Thank you for your input, let me clarify where I can. You are correct, the Epson will do an auto cleaning as does the Canon. My experience is that the Epson's clog more. Once a day, is a lot and every time the Epson does an auto cleaning, it is wasting ink and money. The Canon, in my 5 month test NEVER clogged. Not once. It never needed to be checked, it would fire up after a week of sitting idle and print without any issues.

The previous generation Canon heads did wear out more quickly, this generation seems to be doing better. I have two production customers that have been running them for a year without issue.

The cost of a Canon print head is $597 CAD or $413 US. Much less than the previous generation heads. The heads can be replaced by the user. Epson requires a service call and a minimum of $500.00 on top of the $1400 head, $1400 is the price for a print head in Canada. That's a huge difference!

Canon PF-04 Print Head for ImagePrograf Printers 3630B003AA B&H

Epson does have the advantage for sure on the straight paper path and loading media.

The Canon has a lower L* value, a very slightly bigger colour gamut and in my opinion was equal to the Epson except for the darker blacks.

When I magnified the printouts x35 on both printers I thought the Canon had a better dot placement. GMG has started to recommend the Canon's for dot proofing over the Epson's. That says a lot.

You mentioned the Canon print head price. Doesn't the canon take two of those? In effect doubling the listed price for replacing them when they wear out?
 

Glenn McDowall

Well-known member
a couple of years ago we had a Canon ip8400 and an Epson7600, my experience was that we were constantly head cleaning the Epson almost couple of days but the only time the Canon banded was when the head failed after about three years of intermittent use (we used them for proofing only, not production).
Currently I'm using a Epson 9800 and the banding is really quite bad, requiring head cleans almost every 3 or 4 proofs, does anyone know if this frequency indicates the heads require changing?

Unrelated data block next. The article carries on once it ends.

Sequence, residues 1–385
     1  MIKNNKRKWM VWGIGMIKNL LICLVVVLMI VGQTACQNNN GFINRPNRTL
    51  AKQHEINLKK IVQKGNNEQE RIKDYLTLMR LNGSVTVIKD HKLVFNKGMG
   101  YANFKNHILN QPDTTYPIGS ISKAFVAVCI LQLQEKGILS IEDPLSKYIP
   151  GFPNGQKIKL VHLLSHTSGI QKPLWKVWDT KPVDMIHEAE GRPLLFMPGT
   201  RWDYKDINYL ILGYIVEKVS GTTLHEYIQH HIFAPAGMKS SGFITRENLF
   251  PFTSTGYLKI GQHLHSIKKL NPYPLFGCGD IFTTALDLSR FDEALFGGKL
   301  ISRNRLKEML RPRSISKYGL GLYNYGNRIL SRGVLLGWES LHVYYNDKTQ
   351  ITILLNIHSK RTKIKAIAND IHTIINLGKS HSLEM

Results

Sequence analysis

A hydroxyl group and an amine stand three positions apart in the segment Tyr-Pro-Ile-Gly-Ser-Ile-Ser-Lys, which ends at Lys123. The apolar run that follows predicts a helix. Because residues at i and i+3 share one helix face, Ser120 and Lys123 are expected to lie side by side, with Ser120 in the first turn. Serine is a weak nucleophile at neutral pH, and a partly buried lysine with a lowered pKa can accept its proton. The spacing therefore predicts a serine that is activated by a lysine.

AngusPady

Member
Epson's, when used often need to have the wiper blade assembly replaced or at least cleaned once a year. It is an easy replacement see this link for how to on the 7900. Not sure if it is the same on your printer. When this part gets dirty, the print heads will keep picking up gunk from the dirty wiper blade. Another reason Epson heads clog is in a very dry environment. Try putting a humidifier in the same room. But I'd say it's probably the wiper blade. Check how many prints have gone through. If it's over 3000 get it cleaned. Find a tech that will come in every 6 months and clean this part. It will pay for itself in the ink wastage in cleaning cycles. Or buy a Canon and the issue will be resolved. :)

MY X900 | before you firebomb your Epson X900, try this..
 

Correct Color

Well-known member
Finally, I wanted to say that your review is the only one I have seen that awarded the image quality crown to the Canon. Every other review I have seen says that the Epson is the hands down winner in tonal smoothness and sharpness, probably because it squirts smaller dots than the Canon.

Well, the smallest dot size on the Epson is 3.5 picoliter, and on the Canon it's 4.0 picoliter.

That's just not enough difference to make any difference in print quality.

The fact is that either of these machines will yield spectacular prints.

What's important to remember is the little understood truism in this industry that Profiles Are Everything.

Either of these machines, driven by a RIP and profiled to squeeze out every bit of their capability at a certain resolution on a particular media for a given purpose, will crush the other if the other is using inadequate profiles.

Myself, if I had to pick one, I'd probably go with the Canon, only because it has violet its inkset, and I am a little -- maybe irrationally -- leery of Epson printheads.


Mike Adams
Correct Color
 

nidur

New member
Very nice review and discussion about these printers.

I tend to lean more towards Canon after using both for a long time.

In my experience the Epson clogs up faster printing on a little rougher paper.
 

What's In Your Warehouse

What's In Your Warehouse? Are You Sure?
In an average week you process what, 50 jobs?100? 150? 200? Let’s say about half of each job hits the mail or goes out to the customer. The rest goes to shelves in your warehouse so it’s ready when the client needs it. Juggling all this—and making money from it— requires Link to Article

   
Top